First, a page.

If the Milwaukee Brewers are serious about contending, something needs to change, and change quickly. They split the series against their division rival, St. Louis Cardinals, but then dropped three out of four games to the San Diego Padres. A team the Cardinals swept prior to San Diego heading to Milwaukee.
The Brewers’ farm system ranks 25th out of 32 Major League teams. While they may not have a ton of trade bait, they do offer two prospects in the top 100, Sal Frelick and Joey Wiemer, both outfielders with big bats, Joey touted as an up-and-coming power hitter. If the Brewers are not going to bring up at least one of these guys to see what they have at the Major League level, then dealing one or both may be the only play to contend for the big prize. Major League teams will be looking for real value, and these are Milwaukee’s best bargaining chips.
Milwaukee’s average position player age is 29.6, ranking them 24th in the league. Aging starters like Lorenzo Cain, Jace Peterson and Andrew McCutchen provide a strong veteran presence, but also inconsistent at bats and major holes in the lineup. The three veterans have combined to go 87 for 423 to hit .206 on the season. Adding in the former MVP, Christian Yelich’s continued struggles, and it is clear the problem is the bats. It has been the bats for a while. If Milwaukee does not address this issue at the trade deadline, they will have a tough time making the playoffs, let alone winning The World Series.
By contrast, the St. Louis Cardinals’ average position player age is 29.3. In 2023 the Cardinals will shed Albert Pujols and Yadier Molina, putting them in the top 10 youngest teams, with the majority being starters. The impact of an aging Pujols is felt less with the team’s depth, a low salary and Albert being used sparingly, instead of daily. Unlike Milwaukee, who is leaning on poor-performing veterans every day. The problem goes beyond 2022.
The bigger issue, at what point do the Brewers cut bait, and consider a rebuild? Milwaukee has arguably the best pitching staff in baseball. Looking at the contracts, you can see the window is closing. The Brewers need to pair some hitting with this potent pitching staff, otherwise it is wasteful, and the better business decision is to deal some arms before it is too late.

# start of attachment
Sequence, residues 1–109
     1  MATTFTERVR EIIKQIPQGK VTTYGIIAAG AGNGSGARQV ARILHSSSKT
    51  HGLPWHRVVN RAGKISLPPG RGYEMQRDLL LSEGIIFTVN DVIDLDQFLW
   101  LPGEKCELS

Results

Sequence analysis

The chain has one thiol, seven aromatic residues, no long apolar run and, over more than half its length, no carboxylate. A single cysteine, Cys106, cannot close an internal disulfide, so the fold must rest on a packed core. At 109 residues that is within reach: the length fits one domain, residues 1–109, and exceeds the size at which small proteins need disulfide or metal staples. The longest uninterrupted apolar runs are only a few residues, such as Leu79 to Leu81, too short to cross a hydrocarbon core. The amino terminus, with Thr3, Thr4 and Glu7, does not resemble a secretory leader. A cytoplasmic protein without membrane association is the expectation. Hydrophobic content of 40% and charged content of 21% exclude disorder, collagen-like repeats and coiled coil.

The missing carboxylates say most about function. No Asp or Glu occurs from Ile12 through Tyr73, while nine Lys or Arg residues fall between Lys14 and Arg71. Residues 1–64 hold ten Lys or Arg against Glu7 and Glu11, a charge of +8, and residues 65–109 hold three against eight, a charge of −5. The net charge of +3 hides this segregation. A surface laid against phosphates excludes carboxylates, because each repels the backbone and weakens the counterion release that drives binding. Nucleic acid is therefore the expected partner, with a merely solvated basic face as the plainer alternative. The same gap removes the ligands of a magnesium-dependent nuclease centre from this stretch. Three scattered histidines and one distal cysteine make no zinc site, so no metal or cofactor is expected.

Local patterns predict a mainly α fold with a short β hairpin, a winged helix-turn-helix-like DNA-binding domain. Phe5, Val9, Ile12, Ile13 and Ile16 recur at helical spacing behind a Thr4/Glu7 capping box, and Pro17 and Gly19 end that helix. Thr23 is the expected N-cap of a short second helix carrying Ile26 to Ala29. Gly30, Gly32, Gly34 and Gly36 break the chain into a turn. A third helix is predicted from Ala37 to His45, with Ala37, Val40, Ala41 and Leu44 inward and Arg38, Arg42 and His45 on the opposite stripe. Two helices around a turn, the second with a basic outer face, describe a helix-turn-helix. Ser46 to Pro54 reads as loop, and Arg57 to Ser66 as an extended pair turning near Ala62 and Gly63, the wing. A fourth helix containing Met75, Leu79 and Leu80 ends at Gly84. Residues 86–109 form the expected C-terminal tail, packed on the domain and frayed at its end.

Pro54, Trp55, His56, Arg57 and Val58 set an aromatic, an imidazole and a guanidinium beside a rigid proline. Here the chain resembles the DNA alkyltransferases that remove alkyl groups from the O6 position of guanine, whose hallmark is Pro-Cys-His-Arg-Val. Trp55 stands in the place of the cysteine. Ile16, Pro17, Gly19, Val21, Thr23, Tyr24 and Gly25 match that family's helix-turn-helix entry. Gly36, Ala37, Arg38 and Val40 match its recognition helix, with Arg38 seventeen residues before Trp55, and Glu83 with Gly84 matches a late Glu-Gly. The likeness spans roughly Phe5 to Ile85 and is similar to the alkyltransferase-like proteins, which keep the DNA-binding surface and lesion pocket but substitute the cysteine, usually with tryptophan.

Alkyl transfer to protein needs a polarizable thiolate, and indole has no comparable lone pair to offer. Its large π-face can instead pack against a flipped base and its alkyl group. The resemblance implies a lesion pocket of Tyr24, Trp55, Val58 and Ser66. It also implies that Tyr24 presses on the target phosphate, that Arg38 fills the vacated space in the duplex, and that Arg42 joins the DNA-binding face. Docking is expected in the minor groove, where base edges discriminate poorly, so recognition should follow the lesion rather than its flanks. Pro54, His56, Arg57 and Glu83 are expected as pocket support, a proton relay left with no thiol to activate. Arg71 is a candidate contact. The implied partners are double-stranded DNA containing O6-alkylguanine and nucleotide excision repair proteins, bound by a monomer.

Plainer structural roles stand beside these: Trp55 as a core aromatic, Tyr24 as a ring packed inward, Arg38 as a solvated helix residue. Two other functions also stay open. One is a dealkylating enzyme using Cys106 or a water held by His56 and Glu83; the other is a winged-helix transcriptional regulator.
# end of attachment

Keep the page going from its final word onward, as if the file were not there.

|Pitcher||Age||Annual Pay||Free Agent||2021 ERA||2022 ERA|
|Corbin Burnes||27||$6.5 Million||2025||2.43||2.50|
|Brandon Woodruff||29||$6.8 Million||2025||2.56||4.74|
|Freddy Peralta||26||$3.1 Million||2027||2.81||4.42|
|Adrian Houser||29||$2.4 Million||2025||3.22||3.51|
|Eric Lauer||27||$2.4 Million||2025||3.19||2.38|
|Josh Hader||28||$11 Million||2024||1.23||0.00|
The Brewers pitching staff needs to be near perfect to beat teams, especially the likes of the Los Angeles Dodgers and New York Mets. Speaking of the Mets, they did not rest solely on Jacob deGrom and Max Scherzer. The Mets have the best team batting average in the league, which has them eight games atop their division. This is how you win. Pitching and hitting must compliment each other.
It is anyone’s guess what it would take to bring one of these guys to Milwaukee, but here is my list of top 5 fits for the Milwaukee Brewers to pursue. If the Brewers are eyeing more than a division win or wildcard appearance, something will need to change on offense. With the trade deadline two months away, can the Brewers wait that long?
1) Eric Hosmer – Not a young guy, but he would be a nice rental for the rest of the season. He has pennant race experience and a propensity for the big moment. Anything to boost this offense would help. Hosmer alone is not enough to take the league’s 25th offensive team to Championship contention, but it is a start. San Diego will listen to offers if it lands a young player with upside.
2) Trey Mancini – The 30-year-old Mancini has rebounded from a subpar 2021 with a solid 2022, looking more like his 2020 self. Trey’s WAR is 1.5 and though the power has dipped some the plate discipline and contact have improved. This is what’s lacking in the Milwaukee lineup.
3) Xander Bogaerts – This is a game changer. An expensive add if kept. Even more costly if Milwaukee deals one of their young players and Xander bolts next year. Again, the offense is so bad, it will require some risk to bolster this futile lineup. Bogaerts is instant offense, but it is the most risky of all. His contract has a 2022 opt out clause.
4) J.D. Martinez – Shooting for the stars, but if you need massive movement, this helps. The Brewers have a batter chance at signing Martinez than Bogaerts. Martinez is five years older than Xander, and his best days of defense (which were never good) are behind him. The National League adopting the DH is the only reason this is possible. With that said, his ability to make contact and get on base would be huge for the Brew Crew lineup.
5) Andrew Benintendi – A player accustomed to making things work in a not-so-great lineup here. His American League ranks currently are: At Bats: 22nd, Hits: 4th, BA: 7th, Triples: 5th, OBP: 9th. Andrew is doing all of this for a last place Kansas City Royals team that is going nowhere. Imagine what he could do for a contending team.